Sunday, April 28, 2019

Discovery of Cyclamate

In 1937 Michael Sveda a graduate student at the University of Illinois was working in the lab on the synthesis of anti-fever medication.

One day in the laboratory of Prof. Audrieth, he picked up a cigarette lying on his lab bench, put it in his mouth, and discovered that it tasted surprisingly sweet.

Sveda then tasted every substance in sight and traced the sweetness to a compound known as sodium cyclohexylsulfamate. Five years later, Sveda and his professor obtained a patent and assigned the rights to DuPont, Sveda's new employer.


After some initial development by duPont, cyclamate was taken up (under licence) by Abbott Laboratories, a pharmaceutical firm in North Chicago that hope to produce a sweetener suitable for diabetics and other people on sugar restricted diets.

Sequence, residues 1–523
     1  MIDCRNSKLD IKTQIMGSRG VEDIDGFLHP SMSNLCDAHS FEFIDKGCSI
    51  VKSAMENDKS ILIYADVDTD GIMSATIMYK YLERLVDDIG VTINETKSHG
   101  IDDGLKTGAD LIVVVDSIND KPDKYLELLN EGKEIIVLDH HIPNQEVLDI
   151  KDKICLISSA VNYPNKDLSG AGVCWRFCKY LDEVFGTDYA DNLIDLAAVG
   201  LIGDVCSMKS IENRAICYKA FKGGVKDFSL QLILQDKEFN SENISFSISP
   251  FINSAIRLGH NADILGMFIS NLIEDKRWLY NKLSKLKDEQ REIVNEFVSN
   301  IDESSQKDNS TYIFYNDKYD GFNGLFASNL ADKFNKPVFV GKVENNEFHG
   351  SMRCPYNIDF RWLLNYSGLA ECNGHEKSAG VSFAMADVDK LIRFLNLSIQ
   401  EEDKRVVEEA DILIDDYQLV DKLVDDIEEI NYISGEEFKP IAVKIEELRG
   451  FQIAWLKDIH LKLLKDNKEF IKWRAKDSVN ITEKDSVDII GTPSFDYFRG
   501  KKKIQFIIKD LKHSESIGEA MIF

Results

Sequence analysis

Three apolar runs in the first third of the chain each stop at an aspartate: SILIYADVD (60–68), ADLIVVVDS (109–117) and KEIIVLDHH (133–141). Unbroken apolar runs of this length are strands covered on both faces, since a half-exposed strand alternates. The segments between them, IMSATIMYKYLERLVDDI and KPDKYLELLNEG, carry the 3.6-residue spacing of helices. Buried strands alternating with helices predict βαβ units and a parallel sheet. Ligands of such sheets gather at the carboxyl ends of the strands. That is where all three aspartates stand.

This substance, which proved to be approximately 30 times sweeter than sugar, was first marketed in 1949 as sodium cyclamate in tablet form for use by diabetics.

In 1953, a mixture of 10 parts cyclamate to 1 part saccharin largely replaced the cyclamate-only product, because taste panels had judged that combination to be more palatable.

Cyclamate is generally used in foods as either the sodium or calcium salt. Since 1937, many other sulfamates have been synthesized, although none have been developed for use in foods.

In November 1959, cyclamate was place in the Food and Drug Administration’s list of GRAS. Cyclamate is approved as a sweetener in at least 130 countries while it is currently banned in the United States.
Discovery of Cyclamate
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